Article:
FBI Director Robert Mueller said Thursday that delays in a massive overhaul of the bureau’s case management system were routine and he assured senators that the $305 million project would not become a boondoggle.
Mueller’s decision to suspend work on portions of the program, known as Sentinel, was based on third-party reviews that uncovered “coding defects,” he told members of a Senate Appropriations subcommittee with jurisdiction over the FBI budget.
The revelation last month of delays in the project’s second of four phases recalled the collapse of an earlier incarnation of the case management system, at a cost of about $100 million.
“Is this just a normal delay … or are we on the way to boondoggle?” asked Sen. Barbara Mikulski (D-Md.), chairwoman of the Commerce, Justice and science Appropriations Subcommittee.
Mueller described the setback as “minor” and said bumps were to be expected in a project of this magnitude. The phased approach, he added, has allowed the bureau to take advantage of the upgrades as they are completed and to monitor the project more closely.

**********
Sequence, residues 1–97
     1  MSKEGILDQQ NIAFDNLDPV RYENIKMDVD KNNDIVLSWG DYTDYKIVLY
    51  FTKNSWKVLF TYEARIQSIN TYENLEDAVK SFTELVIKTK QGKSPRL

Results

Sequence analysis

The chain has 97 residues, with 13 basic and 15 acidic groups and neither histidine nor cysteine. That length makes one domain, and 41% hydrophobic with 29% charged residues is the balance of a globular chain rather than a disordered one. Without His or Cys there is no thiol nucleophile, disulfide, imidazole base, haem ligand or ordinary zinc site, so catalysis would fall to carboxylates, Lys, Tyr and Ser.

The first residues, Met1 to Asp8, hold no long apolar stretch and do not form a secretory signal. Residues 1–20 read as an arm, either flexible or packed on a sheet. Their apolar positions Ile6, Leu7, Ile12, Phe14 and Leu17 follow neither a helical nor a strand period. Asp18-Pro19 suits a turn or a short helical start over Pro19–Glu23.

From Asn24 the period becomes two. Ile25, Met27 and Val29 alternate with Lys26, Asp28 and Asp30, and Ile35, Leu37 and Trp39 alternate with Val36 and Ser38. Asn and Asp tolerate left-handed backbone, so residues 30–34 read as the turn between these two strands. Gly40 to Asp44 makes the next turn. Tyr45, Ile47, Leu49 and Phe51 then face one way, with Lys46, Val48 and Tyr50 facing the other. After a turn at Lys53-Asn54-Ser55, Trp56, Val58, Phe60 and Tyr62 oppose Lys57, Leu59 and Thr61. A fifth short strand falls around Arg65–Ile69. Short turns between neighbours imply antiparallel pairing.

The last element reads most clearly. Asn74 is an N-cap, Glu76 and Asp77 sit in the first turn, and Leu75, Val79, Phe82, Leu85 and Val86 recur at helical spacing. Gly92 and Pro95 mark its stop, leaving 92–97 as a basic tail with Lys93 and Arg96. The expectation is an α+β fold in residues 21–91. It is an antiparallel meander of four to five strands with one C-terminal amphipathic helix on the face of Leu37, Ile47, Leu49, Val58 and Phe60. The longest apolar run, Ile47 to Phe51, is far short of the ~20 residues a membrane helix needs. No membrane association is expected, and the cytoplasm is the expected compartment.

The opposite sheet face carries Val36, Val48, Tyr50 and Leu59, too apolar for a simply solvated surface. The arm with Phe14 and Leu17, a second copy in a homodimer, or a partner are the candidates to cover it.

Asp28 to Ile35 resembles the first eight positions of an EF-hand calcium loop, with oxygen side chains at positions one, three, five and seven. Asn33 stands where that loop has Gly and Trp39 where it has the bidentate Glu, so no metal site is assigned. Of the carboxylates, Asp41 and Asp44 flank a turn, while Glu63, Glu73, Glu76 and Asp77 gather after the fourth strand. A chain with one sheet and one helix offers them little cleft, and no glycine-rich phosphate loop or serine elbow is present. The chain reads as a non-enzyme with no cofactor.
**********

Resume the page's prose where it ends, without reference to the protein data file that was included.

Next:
In this instance, Mueller said, the last segment of the second phase “did not meet our expectations.”
The technical problems could lead to more than $30 million in cost overruns in the program, which is contracted to Lockheed Martin, reported The New York Times. Mueller acknowledged the delay would push the date of completion into 2011.
The bureau’s efforts to upgrade its technology have raised larger questions about its agility in national security and traditional law enforcement matters. Mueller told Mikulski the bureau had made vast gains since the Sept. 11, 2001, terrorist attacks, when many agents could not send or receive e-mail messages.
For instance, Mueller said, the bureau now uses more than 26,000 Blackberry devices.